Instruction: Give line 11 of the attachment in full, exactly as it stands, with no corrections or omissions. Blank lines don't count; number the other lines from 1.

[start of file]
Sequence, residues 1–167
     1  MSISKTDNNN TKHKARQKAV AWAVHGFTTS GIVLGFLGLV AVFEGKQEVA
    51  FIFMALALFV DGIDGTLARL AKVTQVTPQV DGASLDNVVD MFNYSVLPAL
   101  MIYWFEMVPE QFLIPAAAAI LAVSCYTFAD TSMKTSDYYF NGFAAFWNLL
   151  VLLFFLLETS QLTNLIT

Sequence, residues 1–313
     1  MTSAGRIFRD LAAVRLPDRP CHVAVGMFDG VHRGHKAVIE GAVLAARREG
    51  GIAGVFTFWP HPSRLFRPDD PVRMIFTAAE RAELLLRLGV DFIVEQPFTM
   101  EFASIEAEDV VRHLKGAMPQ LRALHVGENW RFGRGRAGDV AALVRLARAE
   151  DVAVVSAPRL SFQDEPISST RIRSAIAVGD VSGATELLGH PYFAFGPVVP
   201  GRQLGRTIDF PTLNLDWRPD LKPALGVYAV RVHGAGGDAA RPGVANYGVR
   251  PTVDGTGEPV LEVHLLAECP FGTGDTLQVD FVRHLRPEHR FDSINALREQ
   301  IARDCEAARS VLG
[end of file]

   201  GRQLGRTIDF PTLNLDWRPD LKPALGVYAV RVHGAGGDAA RPGVANYGVR